The weather continues to deliver a lot of rain day and night, so we have been in slowdown mode. Last year at this time, the grass in our yard was dry and brown, but this year is making up for lost moisture in spades. But we have accomplished a few things.
First, we managed to get the burn piles burned. This was no easy task as everything was wet, wet, wet. The strategy that finally worked was this: start a small campfire with the driest material we had plus a splash of diesel. Then add, branch by branch, stick by stick, all the material from the 13 gigantic piles around the property until bonfires were blazing. One by one, we got 4 campfires burning and by the end of a long smoky day, all the debris was ash. At least we were not bothered by mosquitoes! Then over the next two days, Armando and a Man With Truck took away four loads of the too-big-and-too-wet-to-burn logs.
So now the road and the lot are clear and you can see side to side and front to back. We like the lot a lot, and think it will be a swell place to live. We were able to save the few nice trees, as they are all out of the way of the house. Many birds including toucans, a pair of beautiful hawks, and our local flock of wild parrots frolic in the nearby trees. What a racket! As a bonus, we are now well away from the main road and all its noise.
Next job was the driveway entrance. There is a drainage ditch that runs along the road in front of the lot, so this had to be crossed. Our neighbor recently replaced the old 12-inch concrete drainage pipes under the road with 18-inch pipes, so we bought the 12-inchers from him. Without smashing fingers, Armando and I rolled these heavy pipes into place in the ditch where our driveway entrance will be. Then we excavated a few inches down for about two feet on either side of the ditch. We made up a steel rebar mat to strengthen the new concrete slab. So far, this took a day.
The next day we had eight yards of river run sand and gravel delivered, two yards at a time by the Man With Truck, and I got 13 bags of cement. The river run sand and gravel is really good to make concrete with, as it has all sizes of aggregate from sand to rocks about 3-inches in diameter. Cement is actually just glue that holds the aggregate together, so the river run is ideal.
Most people purchase beach sand and one-inch-or-so stone and mix these with cement to make concrete. But I think the stuff shoveled from a local river is better because there is no salt in the sand. Salt in the beach sand significantly shortens the life of rebar embedded in the concrete. I also picked up a couple pickup truck loads of three-inch rock (from a pile stored at our current rental house) that we used to augment the concrete in the deeper areas of the pour. Free rocks fill a lot of space and save a lot of money; its a trick I learned from the local guys. I hired a second man for the next two days of concrete mixing and placing, and we completed the job with just a little bit of river run left. I continue to marvel at how these men can mix cement, water, and ten wheelbarrows of sand and gravel right there on the ground. They generally use way too much water in the mix, and this can make a less than ideal strength concrete, but it is the way it is done here, and so that is the way it is done here!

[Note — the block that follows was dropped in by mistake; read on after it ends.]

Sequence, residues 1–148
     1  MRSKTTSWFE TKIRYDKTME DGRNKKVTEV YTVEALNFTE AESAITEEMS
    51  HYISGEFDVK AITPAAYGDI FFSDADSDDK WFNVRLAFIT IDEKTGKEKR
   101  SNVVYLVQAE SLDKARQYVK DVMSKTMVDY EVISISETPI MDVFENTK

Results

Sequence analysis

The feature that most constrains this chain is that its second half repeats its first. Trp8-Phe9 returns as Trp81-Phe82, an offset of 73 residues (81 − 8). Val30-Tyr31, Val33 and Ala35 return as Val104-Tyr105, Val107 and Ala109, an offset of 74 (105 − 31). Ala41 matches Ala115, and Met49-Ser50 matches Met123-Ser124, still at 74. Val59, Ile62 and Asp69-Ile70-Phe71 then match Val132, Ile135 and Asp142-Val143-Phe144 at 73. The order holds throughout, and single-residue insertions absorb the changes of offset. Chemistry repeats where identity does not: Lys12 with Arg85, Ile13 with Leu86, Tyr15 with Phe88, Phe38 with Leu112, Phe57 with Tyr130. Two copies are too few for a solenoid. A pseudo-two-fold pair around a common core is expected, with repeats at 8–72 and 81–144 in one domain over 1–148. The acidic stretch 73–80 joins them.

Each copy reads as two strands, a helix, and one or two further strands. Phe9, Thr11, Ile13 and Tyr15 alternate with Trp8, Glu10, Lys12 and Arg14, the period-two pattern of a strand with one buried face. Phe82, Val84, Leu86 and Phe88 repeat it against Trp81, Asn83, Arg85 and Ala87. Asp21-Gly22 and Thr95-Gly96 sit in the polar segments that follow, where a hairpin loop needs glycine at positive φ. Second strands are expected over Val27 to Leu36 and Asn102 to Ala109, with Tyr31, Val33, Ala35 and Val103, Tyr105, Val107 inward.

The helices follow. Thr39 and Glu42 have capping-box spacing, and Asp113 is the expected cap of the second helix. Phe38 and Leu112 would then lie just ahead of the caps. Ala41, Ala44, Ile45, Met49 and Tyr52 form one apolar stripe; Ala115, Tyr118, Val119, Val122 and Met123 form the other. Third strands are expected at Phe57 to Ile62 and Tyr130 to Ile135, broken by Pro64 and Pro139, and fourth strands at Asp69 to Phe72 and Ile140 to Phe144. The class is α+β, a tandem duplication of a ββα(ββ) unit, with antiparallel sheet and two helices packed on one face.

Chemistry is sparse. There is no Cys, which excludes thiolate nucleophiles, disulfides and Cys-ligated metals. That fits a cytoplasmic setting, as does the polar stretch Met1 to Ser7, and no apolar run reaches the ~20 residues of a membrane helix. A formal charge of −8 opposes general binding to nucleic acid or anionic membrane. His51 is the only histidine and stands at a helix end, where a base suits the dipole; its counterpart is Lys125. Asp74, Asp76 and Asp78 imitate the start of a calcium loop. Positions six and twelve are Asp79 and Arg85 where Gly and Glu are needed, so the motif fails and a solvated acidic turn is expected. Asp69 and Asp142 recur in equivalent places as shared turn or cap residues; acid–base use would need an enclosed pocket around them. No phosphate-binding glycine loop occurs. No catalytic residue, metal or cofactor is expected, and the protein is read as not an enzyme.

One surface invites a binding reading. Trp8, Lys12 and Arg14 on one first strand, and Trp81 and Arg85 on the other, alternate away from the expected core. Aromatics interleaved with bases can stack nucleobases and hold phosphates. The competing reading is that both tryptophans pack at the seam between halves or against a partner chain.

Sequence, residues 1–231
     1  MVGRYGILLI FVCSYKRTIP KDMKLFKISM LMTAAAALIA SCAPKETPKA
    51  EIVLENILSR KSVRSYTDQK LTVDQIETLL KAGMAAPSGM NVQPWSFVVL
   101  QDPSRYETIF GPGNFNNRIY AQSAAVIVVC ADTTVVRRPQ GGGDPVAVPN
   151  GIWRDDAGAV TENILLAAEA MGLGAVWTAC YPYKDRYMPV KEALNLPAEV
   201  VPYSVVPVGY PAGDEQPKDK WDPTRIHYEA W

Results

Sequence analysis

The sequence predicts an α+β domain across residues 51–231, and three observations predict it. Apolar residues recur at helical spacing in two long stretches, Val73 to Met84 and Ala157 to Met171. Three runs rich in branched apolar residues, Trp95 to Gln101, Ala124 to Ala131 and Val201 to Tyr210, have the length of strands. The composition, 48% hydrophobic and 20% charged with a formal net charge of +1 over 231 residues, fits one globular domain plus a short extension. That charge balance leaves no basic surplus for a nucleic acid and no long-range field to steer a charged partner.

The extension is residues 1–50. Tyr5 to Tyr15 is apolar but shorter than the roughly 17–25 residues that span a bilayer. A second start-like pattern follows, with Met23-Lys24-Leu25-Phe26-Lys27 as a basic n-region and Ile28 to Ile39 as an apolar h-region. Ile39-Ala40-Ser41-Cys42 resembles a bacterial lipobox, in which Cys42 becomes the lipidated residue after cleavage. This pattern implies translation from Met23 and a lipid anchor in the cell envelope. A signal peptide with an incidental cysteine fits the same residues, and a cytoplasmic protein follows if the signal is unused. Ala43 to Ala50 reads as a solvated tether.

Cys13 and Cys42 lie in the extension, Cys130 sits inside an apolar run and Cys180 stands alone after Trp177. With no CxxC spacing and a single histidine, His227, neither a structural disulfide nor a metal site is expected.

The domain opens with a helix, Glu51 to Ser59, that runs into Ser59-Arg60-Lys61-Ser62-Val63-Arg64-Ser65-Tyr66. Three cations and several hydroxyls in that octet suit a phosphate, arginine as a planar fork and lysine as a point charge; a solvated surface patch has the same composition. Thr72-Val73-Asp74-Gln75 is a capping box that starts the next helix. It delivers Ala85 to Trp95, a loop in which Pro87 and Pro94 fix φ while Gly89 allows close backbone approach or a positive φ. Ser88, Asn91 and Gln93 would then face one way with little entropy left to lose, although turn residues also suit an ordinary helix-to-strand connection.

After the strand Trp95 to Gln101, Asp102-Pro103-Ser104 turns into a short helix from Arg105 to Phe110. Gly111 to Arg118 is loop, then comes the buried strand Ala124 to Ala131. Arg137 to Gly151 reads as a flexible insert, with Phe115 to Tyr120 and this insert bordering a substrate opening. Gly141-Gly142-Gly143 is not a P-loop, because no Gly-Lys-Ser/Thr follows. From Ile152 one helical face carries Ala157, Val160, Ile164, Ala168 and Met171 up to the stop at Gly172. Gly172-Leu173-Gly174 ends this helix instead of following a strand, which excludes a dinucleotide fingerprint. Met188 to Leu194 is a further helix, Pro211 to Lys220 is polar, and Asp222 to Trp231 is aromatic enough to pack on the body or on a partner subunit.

Actually, the river run sand/gravel mix is locally called “cascada” because it cascades down the river during the rainy season. Numerous people who live at the riverside make their livings from cascada. Some sell it as is as they pull it from the river. Others sift and sort it into sand and various sizes of rock. Still others take the sand and make handmade concrete blocks, some of which are the nicest blocks I have ever seen. Anyway, now there is a concrete slab over the drainage ditch, and we need to wait a few weeks before I can hire a backhoe to cross the concrete to pull the stumps.
All this delivery of sand, gravel, rocks, and cement made the two-block-long road by our lot nearly impassable with mud. So again, the Man With Truck brought us six yards of cascada, this time with less sand and more rock. We spread this on the road, filling the muddy ruts, and I compacted it by driving our pickup back and forth over the road. Armando was ready with the shovel to move more material into the deeper ruts. We still need a lot more, maybe another ten yards, and it will be on its way next week. But for now it is much more passable.
Today was a two task day. Armando and I noticed that there were three bowl-shaped depressions on the lot, and the dirt there was super saturated by water that couldn’t drain. If you ventured there, you were ankle deep in boot sucking mud and likely attacked by mosquitoes. So we strung guide strings and with shovels making sucking sounds and mud sticking to the shovels, we dug three drainage ditches. Water flowed freely from the land into the new ditches and out to the ditch at the front of the lot. Even though it will continue to rain, the land will firm up a lot over the next few days. Later, we will fill the ditches with stones to make French drains.
The other accomplishment today was that the surveyor showed up. We and our neighbor hired him to place corner markers on each of our lots. The surveyor and his helper made a short morning’s work of the measuring, and left just as the pre-rain fog rolled in. They will return next Wednesday to place the corner marker monuments (in Spanish (word of the day): mon-oo-MEN-tos) and deliver plot plans to us. At that point, we will be able to put up the fence around the lot, assured that it will be in the right place. That reminds me of the old New England saying, “Good fences make good neighbors.” Here are a few pictures (click a photo to view larger, use the back arrow to return here):
That’s all for now.